Weather the storms

  • 11th October 2023

John Fraser

John Fraser considers how the threats of climate change should affect your approach to managing risk in your school estate

In 2020, the earth’s surface temperature was 0.98°C warmer than the 20th century average. December 2021 saw 12.2 million square kilometres of sea ice adrift in the Northern hemisphere, a 4% increase from the previous year. Our climate is changing and, regardless of where your school is located in the UK, this is likely to have a significant impact on your property risks. Increased rainfall and flooding, drought and heatwaves, and extreme weather events are climate-change challenges that will all require risk mitigation.

Climate change has led to an increase in the frequency and severity of floods and rainfall in the UK. This poses a significant risk to all schools, not just those located in flood-prone areas, increasing the likelihood of damage and the cost of insurance premiums. In particular, heavy downpours can overwhelm drainage systems and cause flash flooding in schools. This increase in surface water runoff poses challenges for drainage, including sewers and surface water management systems. These systems may become overwhelmed, leading to localised flooding, sewer backups, and increased risks to properties.

The increased rainfall intensity and the risk of flooding associated with climate change can pose a threat to school buildings located in flood-prone areas. Flooding can result in structural damage, damage to equipment and resources, and the disruption of educational activities. Schools may need to implement flood mitigation measures, improve drainage systems, or consider relocation in extreme cases.

Climate change has also contributed to more frequent heatwaves and drought conditions in the UK. Higher temperatures and prolonged dry spells can affect school buildings and infrastructure, leading to issues such as subsidence, structural damage and increased fire risks. During periods of drought, soil moisture levels decrease, causing the soil to shrink. This shrinkage can result in subsidence, particularly in areas with clay soils that are highly sensitive to moisture changes. Additionally, extreme heat can affect the wellbeing of staff and pupils, increasing cooling demands and affect future energy costs.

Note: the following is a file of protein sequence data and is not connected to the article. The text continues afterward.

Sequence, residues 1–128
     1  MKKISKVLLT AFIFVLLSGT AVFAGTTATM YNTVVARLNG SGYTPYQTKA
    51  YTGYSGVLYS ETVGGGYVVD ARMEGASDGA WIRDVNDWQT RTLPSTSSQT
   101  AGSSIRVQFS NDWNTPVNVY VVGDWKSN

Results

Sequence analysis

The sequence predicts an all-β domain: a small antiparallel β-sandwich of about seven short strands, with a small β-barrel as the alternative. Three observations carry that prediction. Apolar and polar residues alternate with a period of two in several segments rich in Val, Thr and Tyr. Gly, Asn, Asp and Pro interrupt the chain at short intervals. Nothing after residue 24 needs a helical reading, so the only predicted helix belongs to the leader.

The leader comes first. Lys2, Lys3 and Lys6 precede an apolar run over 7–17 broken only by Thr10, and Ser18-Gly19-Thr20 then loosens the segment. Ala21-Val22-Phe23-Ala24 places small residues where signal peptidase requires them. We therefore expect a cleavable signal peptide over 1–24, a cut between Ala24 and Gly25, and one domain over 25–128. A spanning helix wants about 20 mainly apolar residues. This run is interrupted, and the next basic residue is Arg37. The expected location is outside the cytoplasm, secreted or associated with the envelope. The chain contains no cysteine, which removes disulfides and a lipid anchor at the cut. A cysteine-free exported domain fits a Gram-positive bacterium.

Rising temperatures can create uncomfortable and potentially unsafe conditions for pupils and staff, particularly in schools without adequate cooling systems. Heatwaves can affect concentration, physical wellbeing and productivity. Schools may need to invest in cooling measures or adapt their schedules to mitigate the impact of heat stress.

The UK has experienced an increase in severe storms and extreme weather events as a result of climate change. These storms, coastal storm surges, intense hailstorms, high wind speeds and wildfires can all cause significant damage to properties, including roof and solar panel damage, flooding and structural issues. Such events can lead to higher insurance premiums and increased costs of property maintenance and repair.

Schools may face disruptions in their operations due to school closures, power outages, or damage to infrastructure caused by severe weather events. This can affect the learning environment and potentially lead to the temporary closure of part or all of a school.

Climate change can also worsen air quality, particularly in urban areas. Increased pollution and higher pollen levels can affect the health of pupils and staff, leading to respiratory issues and reduced wellbeing. Schools may need to implement measures to monitor and improve indoor air quality, such as proper ventilation systems and filtration.

It remains crucial for schools to stay informed about climate change impacts and take appropriate measures to protect properties and manage associated risks.

Schools may need to consider retrofitting existing buildings to improve energy efficiency, adapt to changing climate conditions, and reduce their carbon footprint. This can include upgrades such as insulation, energy- efficient lighting, renewable energy installations, and rainwater harvesting systems. Such measures can enhance the sustainability and resilience of school infrastructure.

Climate change and the associated risks can also have psychological and emotional impacts on pupils, staff and the school community. Concerns about the future, eco-anxiety and a sense of urgency may affect mental health. Schools can play a vital role in providing support systems, promoting climate literacy, and fostering a sense of empowerment and resilience in the face of climate change challenges.